Japanese Costume in History: A Kimono Journey
Cost:$25.00 – $35.00 per person
The word kimono derived from “kiru mono,” meaning a thing to wear, morphed into “kimono” around the 1800s. Later in the West or in modern Japan it came to mean “national clothing of Japan” or a “T-shaped Japanese robe, generally of full length.” There have been specific styles of robes worn by nobles, warriors, commoners, and farmers over the two-thousand-year history of the archipelago, not to mention the Noh Theater costumes, the robes of the Ainu and the Ryukyu people, which have now been integrated into Japanese “kimono culture” in modern Japan.
In present-day Japan, one finds a purveyor of wafuku (Japanese clothing) and bolts of fabric for traditional “kimono” and a huge array of accompanying accoutrements at a “Gofuku-ya” not at a “Kimono-ya.” “Ya” means a shop and in this case “gofuku” means traditional Japanese wares or attire. Yoshiko will shed light on the Japanese clothing from the Yayoi period (200 B.C.E–250 ACE) onwards, showing illustrations and images of the remarkable textile art that was worn.
Yoshiko Iwamoto Wada is an artist, curator, author and co-author of several books including The Kimono Inspiration: art and art to wear in America, Shibori: The Inventive Art of Japanese Shaped-Resist Dyeing, and Memory on Cloth: Shibori Now, is president of World Shibori Network and founder of Slow Fiber Studios. She has produced educational films including “Arimatsu Narumi Shibori: Celebrating 400 years of Japanese Artisan Design,” “Colors of the Americas: Natural dye workshop with wool using sustainable methods,” and a natural dye workshop film series. Her essay “What is Boro?” is published in an exhibition catalog of “BORO: Art of Necessity” opening in March, 2021, at the Eastern Antiquity Museum in Stockholm, Sweden.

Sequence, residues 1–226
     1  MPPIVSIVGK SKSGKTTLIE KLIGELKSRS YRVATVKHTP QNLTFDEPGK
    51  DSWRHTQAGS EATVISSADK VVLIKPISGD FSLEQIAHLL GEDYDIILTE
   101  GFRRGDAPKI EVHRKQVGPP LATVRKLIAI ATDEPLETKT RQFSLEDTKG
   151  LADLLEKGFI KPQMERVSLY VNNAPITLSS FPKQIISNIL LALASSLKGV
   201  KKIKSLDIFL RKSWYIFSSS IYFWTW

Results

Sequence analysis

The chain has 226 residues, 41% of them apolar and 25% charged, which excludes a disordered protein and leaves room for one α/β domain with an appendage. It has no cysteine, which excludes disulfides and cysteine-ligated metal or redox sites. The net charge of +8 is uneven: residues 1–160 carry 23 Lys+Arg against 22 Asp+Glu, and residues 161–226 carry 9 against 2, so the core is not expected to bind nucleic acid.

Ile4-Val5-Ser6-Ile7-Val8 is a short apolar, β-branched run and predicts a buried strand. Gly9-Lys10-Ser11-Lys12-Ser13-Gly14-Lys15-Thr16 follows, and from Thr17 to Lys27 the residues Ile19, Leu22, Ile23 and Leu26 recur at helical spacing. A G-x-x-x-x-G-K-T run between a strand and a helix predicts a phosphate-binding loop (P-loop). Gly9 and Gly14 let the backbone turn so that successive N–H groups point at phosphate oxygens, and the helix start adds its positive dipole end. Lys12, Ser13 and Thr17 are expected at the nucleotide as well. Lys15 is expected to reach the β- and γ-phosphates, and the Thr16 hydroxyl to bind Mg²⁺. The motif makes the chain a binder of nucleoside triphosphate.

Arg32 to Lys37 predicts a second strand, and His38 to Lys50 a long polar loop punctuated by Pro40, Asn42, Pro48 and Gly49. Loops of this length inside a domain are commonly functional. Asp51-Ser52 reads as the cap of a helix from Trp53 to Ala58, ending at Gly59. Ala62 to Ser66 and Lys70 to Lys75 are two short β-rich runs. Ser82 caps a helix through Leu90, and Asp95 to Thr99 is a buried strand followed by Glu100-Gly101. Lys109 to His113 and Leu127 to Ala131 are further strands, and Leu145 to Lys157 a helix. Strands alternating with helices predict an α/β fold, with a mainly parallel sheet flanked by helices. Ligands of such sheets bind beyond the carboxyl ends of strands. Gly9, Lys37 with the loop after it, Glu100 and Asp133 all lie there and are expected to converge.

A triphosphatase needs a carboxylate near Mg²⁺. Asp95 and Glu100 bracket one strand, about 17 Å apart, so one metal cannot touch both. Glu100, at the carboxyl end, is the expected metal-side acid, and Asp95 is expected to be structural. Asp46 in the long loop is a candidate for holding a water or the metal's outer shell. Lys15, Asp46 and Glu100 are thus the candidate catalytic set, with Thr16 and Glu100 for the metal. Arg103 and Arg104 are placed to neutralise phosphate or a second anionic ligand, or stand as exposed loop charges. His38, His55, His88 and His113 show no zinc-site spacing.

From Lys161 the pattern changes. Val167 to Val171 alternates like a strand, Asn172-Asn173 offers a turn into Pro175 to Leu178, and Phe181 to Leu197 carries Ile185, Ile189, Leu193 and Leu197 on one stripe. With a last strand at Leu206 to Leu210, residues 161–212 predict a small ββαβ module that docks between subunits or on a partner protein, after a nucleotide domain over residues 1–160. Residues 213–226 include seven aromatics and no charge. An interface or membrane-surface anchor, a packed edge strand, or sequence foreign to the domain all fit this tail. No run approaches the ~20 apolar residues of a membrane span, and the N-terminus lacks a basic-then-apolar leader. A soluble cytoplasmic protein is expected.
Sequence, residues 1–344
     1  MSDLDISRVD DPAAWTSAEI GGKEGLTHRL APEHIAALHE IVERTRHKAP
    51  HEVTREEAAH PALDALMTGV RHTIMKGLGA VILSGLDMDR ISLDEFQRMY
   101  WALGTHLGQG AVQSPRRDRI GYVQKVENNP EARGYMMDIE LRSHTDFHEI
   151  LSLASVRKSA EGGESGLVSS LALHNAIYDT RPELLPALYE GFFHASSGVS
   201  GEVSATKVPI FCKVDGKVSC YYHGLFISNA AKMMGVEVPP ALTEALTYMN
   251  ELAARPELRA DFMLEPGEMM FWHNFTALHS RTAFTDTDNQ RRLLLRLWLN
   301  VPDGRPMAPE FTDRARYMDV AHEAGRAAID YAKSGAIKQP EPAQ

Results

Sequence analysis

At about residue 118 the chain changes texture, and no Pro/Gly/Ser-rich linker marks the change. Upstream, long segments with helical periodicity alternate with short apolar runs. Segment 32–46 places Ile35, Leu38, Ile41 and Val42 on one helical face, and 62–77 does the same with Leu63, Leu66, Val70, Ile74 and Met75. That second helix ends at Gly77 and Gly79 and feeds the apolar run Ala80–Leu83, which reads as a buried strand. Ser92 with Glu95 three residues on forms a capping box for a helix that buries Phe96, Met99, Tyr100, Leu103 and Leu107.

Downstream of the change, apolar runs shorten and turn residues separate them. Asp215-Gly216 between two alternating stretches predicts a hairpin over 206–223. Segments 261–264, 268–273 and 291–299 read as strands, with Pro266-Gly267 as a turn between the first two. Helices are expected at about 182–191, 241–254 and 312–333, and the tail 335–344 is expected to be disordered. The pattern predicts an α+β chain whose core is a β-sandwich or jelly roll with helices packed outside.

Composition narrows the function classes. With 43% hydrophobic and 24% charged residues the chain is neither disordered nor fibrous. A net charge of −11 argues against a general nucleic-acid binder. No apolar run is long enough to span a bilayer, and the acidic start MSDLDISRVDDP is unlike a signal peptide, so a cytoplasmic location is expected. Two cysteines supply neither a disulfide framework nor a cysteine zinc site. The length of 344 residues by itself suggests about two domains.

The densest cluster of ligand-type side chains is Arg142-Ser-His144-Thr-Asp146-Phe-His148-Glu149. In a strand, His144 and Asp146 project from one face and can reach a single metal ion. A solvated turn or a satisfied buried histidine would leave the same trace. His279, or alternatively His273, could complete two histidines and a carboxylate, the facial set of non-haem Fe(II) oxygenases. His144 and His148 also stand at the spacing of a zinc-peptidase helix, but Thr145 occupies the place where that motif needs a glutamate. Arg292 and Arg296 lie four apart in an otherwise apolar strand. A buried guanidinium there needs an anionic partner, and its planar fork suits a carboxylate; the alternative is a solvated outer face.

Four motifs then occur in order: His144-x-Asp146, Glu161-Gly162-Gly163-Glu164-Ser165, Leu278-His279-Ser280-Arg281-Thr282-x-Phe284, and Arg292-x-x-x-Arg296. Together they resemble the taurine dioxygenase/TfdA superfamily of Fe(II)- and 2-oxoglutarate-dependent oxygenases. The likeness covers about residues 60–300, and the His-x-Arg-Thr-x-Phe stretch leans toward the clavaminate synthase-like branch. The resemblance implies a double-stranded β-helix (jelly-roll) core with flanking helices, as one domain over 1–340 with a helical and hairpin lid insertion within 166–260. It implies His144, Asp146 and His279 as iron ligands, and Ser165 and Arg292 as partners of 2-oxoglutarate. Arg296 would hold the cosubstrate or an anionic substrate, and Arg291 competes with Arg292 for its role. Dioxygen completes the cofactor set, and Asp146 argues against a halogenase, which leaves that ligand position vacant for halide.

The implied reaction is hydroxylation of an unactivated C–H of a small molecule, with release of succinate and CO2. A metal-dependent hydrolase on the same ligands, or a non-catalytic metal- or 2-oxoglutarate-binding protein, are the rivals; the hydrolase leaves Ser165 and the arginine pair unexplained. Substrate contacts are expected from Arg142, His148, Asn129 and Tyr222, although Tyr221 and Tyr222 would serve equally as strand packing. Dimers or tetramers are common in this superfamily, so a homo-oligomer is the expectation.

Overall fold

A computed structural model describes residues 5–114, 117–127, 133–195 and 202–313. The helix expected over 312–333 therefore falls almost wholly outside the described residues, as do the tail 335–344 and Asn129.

She has been a consultant to designers in the USA, India, and Japan including costume designer Colleen Atwood for the movie Memoirs of a Geisha and Christina Kim of Dosa Inc. Yoshiko has led LongHouse Reserve tours to Japan, India, China, and Mexico in art, architecture, and textile.
A recording link of "Japanese Costume History" will be emailed to you and is viewable for 30 days afterwards.
"In Conversation with Yoshiko Wada" is made possible through the generous support of Nicole Williams and Dr. Lawrence Becker, Jacqueline Brody, Adelaide de Menil, Regina Sender Levin and Madeline I. Noveck.